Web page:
Developers may be accustomed to passing function pointers that are invoked (that is, "called back") when something happens. Java's object-oriented model does not currently support method pointers, and thus seems to preclude using this comfortable mechanism. But all is not lost!

Java's support of interfaces provides a mechanism by which we can get the equivalent of callbacks. The trick is to define a simple interface that declares the method we wish to be invoked.

For example, suppose we want to be notified when an event happens. We can define an interface:

public interface InterestingEvent
{
    // This is just a regular method so it can return something or
    // take arguments if you like.
    public void interestingEvent ();
}


This gives us a grip on any objects of classes that implement the interface. So, we need not concern ourselves with any other extraneous type information. This is much nicer than hacking trampoline C functions that use the data field of widgets to hold an object pointer when using C++ code with Motif.

The class that will signal the event needs to expect objects that implement the InterestingEvent interface and then invoke the interestingEvent() method as appropriate.

public class EventNotifier
{
    private InterestingEvent ie;
    private boolean somethingHappened;

    public EventNotifier (InterestingEvent event)
 {
 // Save the event object for later use.
 ie = event;

 // Nothing to report yet.
 somethingHappened = false;
 }

    //...

    public void doWork ()
 {
 // Check the predicate, which is set elsewhere.
 if (somethingHappened)
     {
     // Signal the even by invoking the interface's method.
     ie.interestingEvent ();
     }
 //...
 }

    // ...
}


In that example, I used the somethingHappened predicate to track whether or not the event should be triggered. In many instances, the very fact that the method was called is enough to warrant signaling the interestingEvent().

The code that wishes to receive the event notification must implement the InterestingEvent interface and just pass a reference to itself to the event notifier.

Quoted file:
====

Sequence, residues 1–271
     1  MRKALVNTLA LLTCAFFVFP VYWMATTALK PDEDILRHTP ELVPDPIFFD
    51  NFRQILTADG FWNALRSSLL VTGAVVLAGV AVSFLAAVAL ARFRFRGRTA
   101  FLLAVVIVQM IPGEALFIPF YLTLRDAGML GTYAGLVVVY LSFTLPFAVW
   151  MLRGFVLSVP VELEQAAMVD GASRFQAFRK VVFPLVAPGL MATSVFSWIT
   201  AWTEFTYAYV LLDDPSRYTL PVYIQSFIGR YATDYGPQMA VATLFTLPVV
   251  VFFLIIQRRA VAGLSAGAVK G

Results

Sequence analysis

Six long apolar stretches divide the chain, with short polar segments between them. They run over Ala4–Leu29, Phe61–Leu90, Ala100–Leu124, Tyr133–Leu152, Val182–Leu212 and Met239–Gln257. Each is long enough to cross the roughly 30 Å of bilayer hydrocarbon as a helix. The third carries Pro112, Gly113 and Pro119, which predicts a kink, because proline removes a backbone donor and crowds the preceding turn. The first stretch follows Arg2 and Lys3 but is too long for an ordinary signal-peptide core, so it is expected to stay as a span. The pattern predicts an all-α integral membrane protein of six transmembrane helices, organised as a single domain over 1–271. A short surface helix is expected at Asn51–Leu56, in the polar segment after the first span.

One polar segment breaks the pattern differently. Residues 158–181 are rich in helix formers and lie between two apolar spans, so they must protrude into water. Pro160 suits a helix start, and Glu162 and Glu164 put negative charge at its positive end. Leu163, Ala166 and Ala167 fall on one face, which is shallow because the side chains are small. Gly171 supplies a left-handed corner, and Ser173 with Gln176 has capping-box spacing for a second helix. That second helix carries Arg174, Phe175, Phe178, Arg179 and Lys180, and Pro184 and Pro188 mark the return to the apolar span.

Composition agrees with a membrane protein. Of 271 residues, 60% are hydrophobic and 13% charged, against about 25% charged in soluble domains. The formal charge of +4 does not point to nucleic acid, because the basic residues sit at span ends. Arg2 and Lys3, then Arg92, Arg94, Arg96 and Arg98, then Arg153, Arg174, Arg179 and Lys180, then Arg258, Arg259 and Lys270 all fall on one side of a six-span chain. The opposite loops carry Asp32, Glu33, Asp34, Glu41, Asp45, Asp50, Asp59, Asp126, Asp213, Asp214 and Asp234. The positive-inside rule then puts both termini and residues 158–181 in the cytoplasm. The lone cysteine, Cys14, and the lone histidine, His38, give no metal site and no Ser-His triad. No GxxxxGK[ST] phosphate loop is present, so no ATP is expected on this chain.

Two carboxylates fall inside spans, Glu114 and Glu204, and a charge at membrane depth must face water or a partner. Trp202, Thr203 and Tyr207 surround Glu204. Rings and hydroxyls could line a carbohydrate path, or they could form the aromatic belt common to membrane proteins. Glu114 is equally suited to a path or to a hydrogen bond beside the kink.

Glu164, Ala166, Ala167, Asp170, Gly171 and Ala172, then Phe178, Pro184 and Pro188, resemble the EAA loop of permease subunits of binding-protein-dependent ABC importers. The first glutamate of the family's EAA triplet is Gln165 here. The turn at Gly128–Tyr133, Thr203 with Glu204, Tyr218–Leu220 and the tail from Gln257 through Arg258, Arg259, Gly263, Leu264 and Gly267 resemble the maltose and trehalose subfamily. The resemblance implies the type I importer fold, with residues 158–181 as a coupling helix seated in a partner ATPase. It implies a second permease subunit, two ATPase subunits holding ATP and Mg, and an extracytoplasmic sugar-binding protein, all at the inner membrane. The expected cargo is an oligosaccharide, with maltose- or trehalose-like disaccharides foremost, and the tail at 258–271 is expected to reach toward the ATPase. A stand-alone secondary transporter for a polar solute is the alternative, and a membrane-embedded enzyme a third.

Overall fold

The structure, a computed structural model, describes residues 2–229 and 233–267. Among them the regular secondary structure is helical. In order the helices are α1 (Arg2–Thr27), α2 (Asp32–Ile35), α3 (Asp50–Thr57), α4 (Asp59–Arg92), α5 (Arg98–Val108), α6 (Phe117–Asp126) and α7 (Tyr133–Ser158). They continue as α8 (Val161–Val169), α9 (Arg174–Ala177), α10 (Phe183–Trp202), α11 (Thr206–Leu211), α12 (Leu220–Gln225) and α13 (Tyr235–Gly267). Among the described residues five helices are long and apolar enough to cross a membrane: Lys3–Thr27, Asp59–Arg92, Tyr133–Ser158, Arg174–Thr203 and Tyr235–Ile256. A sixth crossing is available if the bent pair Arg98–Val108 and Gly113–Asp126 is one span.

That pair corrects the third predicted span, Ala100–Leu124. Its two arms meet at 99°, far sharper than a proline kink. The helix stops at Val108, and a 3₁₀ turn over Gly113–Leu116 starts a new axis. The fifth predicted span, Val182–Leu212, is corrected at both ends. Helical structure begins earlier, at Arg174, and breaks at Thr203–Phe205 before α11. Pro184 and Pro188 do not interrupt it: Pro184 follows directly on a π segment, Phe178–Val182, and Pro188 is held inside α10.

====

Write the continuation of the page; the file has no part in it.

public class CallMe implements InterestingEvent
{
    private EventNotifier en;

    public CallMe ()
 {
 // Create the event notifier and pass ourself to it.
 en = new EventNotifier (this);
 }

    // Define the actual handler for the event.
    public void interestingEvent ()
 {
 // Wow! Something really interesting must have occurred!
 // Do something...
 }

    //...
}


That's all there is to it.
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AlexJ030200Commented:
Hi, as previously explained in other answers, you don't have functions in Java, but instead, you have inner classes that allow you to do everything you can do with functional languages. Let me give you an example with the following interface:

public abstract class Lambda {

  public abstract Object fnc(Object[] args);

  public static Object apply(Object function, Object[] args) throws Exception {

    if (!(function instanceof Lambda)) throw new Exception("Not a Lambda Object");
    return ((Lambda)function).fnc(args);
  }

}

Whenever you need to produce a functional value, you have to write:

new Lambda() {

  public Object fnc(Object[] args) {
    // Here you insert the body of your function
  }

}

If you are a Lisp/Scheme user, here types won't border you. If you prefer the ML or Haskel typed flavor of functional languages then the elaboration has to be more complicated. See for instance the Generic Java efforts at:
http://www.math.luc.edu/pizza/gj/

That's all.
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AlexJ030200Commented:
oups, I said interface when I meant abstract class.